We talk incessantly about the importance of big data to drive better business decisions and outcomes. Marketers, managers, business owners, thought leaders -- just about everyone is spending inordinate amounts of time debating big data. Why? It's because companies engaging in data projects are doing better than those that are not. The proof is out there for everyone to see. For instance, a study by IDC finds that companies using diverse data sources, analytical tools, and different sets of metrics are "five times more likely to exceed expectations for their projects" than those that don't use these big data strategies.
Growing over the past few years, big data has been established by an obscene number of research, studies, and surveys as a holy grail for business success. But let me ask you this: Just because the data is there, does that mean we are using it correctly? Are businesses really benefiting from all that data they are painstakingly mining and trying to make sense of? Are they choosing the right data?
Which begs the question, can data steer us wrong?
Big data: the right signal or mere noise?
I believe the biggest challenge in the age of big data is that there is so much information that it's easy to make mistakes. One of the best examples of how data can lead us to totally out-of-context results comes from Harvard University professor Gary King.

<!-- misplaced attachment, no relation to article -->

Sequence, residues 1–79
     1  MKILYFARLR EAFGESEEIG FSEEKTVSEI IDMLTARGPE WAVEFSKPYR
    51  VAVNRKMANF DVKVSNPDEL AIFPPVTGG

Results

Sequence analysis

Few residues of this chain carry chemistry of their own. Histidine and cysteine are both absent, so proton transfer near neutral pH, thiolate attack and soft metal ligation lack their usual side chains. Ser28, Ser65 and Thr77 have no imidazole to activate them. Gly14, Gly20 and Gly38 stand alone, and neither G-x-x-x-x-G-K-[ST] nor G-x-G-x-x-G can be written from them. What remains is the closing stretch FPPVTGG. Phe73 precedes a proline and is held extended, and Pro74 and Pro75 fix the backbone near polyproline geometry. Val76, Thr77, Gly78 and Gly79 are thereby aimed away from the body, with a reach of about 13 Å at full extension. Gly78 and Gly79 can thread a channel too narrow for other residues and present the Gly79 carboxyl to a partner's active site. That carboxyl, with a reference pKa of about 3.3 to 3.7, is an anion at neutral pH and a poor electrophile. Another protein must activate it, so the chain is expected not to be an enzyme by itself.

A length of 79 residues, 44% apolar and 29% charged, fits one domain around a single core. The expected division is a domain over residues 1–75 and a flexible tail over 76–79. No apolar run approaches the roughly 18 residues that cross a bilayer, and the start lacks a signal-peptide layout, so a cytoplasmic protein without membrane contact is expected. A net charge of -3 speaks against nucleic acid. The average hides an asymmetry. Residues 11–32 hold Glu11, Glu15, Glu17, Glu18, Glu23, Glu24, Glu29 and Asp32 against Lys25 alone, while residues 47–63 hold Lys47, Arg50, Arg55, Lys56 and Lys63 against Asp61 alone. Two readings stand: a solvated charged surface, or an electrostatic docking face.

This big data project, using Twitter feeds and other social media data, attempted to predict the unemployment rate in the U.S. With the help of keywords like "unemployment," "jobs," and "classifieds," the researchers drew a correlation between the total monthly mentions of those keywords on social channels, and the monthly employment rate. Then, the researchers noticed an incredible increase in the number of tweets having one particular keyword. There's a spike! Something must have shifted in society! Except, those tweets weren't talking about anything work related -- they were talking about the death of former Apple co-founder and CEO Steve Jobs.
That, my friends, pretty much sums up how precarious it can be to chase data without knowing if you're chasing the right data.
When you have a hammer, everything looks like a nail
The easiest and, at the same time, the most dangerous thing about data is it can be skewed and manipulated. With so much information -- especially unstructured data and numerous similar studies by known and unknown groups -- it's easy for us to take data and use it to prove what we want it to prove. So when you're using data sets that you think are important and relevant to build your strategies, but you aren't checking to see if they are well-aligned with your business objectives, you're inviting failure.
Yes, data can steer us wrong if we are not careful about how we use it. When we have so much data at our disposal and are able to benefit from it, there's an irrefutable temptation to use it to try and solve all business problems. What we often forget is that while data can present us with better insights, predictions, and decisions, it can be misleading and, at times, plain useless. We have to develop a better understanding of the power of big data. We have to be careful to make sure we use data to drive better results; we can't just use data to prove what we already believe.
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